• NENNIUS, (Sixth Century) no details of this saint survive to this day, though he is mentioned in the Lives of several other saints. He was a member of the Irish nobility who forsook his high-born life for the monastery. He began under St. Fiace of Leinster (12th October), and later moved on to Clonard as a disciple of St. Finian (12th December). He is counted as one of the ‘Twelve Apostles of Ireland’.
  • RICHIMIR (RICHIMIRUS), with the blessing and support of the Bishop of Le Mans, St. Richimir, along with a group of fellow-monk disciples founded a monastery in the Loire Valley. St. Richimir served as the first Abbot, of the monastery which came to be called Saint-Rigomer-des-Bois after him. St. Richimir reposed circa A.D. 715.
  • SULPICIUS (II) THE PIOUS, the Bishop of Bourges in the Loire Valley from A.D. 624 until his repose in A.D. 647. Born to a wealthy noble family, St. Sulpicius decided at an early age to renounce the world and serve Christ. Known for his piety and later in life St. Sulpicius resigned his See to live a life of prayer and service to those in need.


* - Prior to the Schism the Patriarchate of Rome was Orthodox and fully in communion with the Orthodox Church. As Saint John of Shanghai and San Francisco +1966 said "The West was Orthodox for a thousand years, and her venerable Liturgy is far older than any of her heresies."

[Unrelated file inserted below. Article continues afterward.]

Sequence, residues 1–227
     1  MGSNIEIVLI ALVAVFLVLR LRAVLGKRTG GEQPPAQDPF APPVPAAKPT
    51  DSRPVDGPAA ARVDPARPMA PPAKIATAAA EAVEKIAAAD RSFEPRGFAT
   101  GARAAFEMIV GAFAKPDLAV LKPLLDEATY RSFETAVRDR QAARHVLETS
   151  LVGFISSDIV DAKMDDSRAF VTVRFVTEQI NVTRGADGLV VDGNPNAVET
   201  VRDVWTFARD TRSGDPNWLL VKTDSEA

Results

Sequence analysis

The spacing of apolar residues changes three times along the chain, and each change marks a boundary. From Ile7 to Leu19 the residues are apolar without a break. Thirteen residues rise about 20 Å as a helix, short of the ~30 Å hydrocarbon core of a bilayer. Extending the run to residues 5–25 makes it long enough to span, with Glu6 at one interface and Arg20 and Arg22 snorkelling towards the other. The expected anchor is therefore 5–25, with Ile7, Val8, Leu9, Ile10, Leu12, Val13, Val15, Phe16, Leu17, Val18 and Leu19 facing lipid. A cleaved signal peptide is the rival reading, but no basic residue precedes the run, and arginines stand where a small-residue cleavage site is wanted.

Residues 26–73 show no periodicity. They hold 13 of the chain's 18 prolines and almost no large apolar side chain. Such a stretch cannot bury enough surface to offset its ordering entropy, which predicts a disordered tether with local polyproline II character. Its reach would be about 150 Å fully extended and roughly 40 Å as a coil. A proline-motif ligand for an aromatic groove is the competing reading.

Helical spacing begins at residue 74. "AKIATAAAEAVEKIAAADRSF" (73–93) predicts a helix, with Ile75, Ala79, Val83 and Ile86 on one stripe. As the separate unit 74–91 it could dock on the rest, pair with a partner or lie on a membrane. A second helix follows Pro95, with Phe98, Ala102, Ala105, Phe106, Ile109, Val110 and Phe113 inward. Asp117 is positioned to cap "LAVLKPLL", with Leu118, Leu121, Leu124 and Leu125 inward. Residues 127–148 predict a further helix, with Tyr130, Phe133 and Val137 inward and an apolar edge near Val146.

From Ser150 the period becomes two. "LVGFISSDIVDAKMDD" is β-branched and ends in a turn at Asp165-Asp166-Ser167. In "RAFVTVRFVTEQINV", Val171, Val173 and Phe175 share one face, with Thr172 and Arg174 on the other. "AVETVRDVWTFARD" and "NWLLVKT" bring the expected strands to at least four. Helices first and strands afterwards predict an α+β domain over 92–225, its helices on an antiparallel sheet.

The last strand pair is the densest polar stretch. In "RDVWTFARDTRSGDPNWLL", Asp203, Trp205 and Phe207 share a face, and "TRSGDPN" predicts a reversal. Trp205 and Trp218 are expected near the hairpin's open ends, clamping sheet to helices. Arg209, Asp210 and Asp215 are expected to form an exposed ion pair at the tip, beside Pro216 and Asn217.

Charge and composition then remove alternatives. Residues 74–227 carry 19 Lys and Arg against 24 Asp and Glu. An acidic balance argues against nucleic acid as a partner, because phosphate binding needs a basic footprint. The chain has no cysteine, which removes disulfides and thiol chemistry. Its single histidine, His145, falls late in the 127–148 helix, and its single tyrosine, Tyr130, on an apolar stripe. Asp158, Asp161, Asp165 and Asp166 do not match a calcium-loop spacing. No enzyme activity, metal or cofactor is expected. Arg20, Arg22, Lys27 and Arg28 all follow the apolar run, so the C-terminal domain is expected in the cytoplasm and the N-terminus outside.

© 2112-2017  Dr. John (Ellsworth) Hutchison-Hall + All Rights Reserved.

Details of British Saints excerpted from Orthodox Saints of the British Isles Volume I. Details of Continental Saints from these sources.






All books by Dr. Hutchison-Hall are available on
Amazon, Google Play, at the iBookstore, and for Nook as well!







16 January, 2017

Orthodox Western Saints for Today

Pre-Schism Western Saints Commemorated on
16th January (NS)3rd January (OS):



Icon of Orthodox Saints of the British Isles


3rd January:

  • ANTHERUS, (on Eastern Calendars 5th August), the nineteenth Pope of Rome, St. Anthers served for only forty-three days (21st November, A.D. 235 – 3rd January, A.D. 236 before he was martyred. He was buried in the Catacomb of Pope St. Kallistos I (14th October) one of the Catacombs of Rome on the Appian Way. During his brief pontificate, St. Antherus began the practice of saving documents relating to the early martyrs, which in time grew into the Vatican library.
  • BERTILIA, a noblewoman, who even in youth was noted for her piety and charity. Following the death of her husband, St. Bertilia lived as an anchoress near the church of Saint Amandus of Maastricht, at Maroeuil (Marolles) in Flanders, which she had previously founded. St. Bertilia reposed circa A.D. 687.
  • BLITMUND, a monk and disciple of St. Attalas (10th March) at Bobbio. St. Blitmund accompanied St. Valéry (1st April) to Picardy where they founded an abbey at present-day Saint-Valery-sur-Somme, France, later called abbaye Saint-Valery. St. Blitmund later served as its Abbot. He reposed circa A.D. 660.
  • DANIEL, a deacon to St. Prosdocimus (7th November), the first Bishop of Padua. He was either a convert from Judaism or of Jewish ancestry. St. Daniel was martyred for spreading the gospel in A.D. 168.
  • FINLUGH (FINLAG), (Sixth Century), a brother of St. Fintan (vide infra), St. Finlugh left his native Ireland. He travelled to Scotland where it is thought he became a disciple of St. Columba of Iona (9th June). He later returned to Ireland to serve as abbot of a monastery founded by St. Columba of Iona in Co. Derry.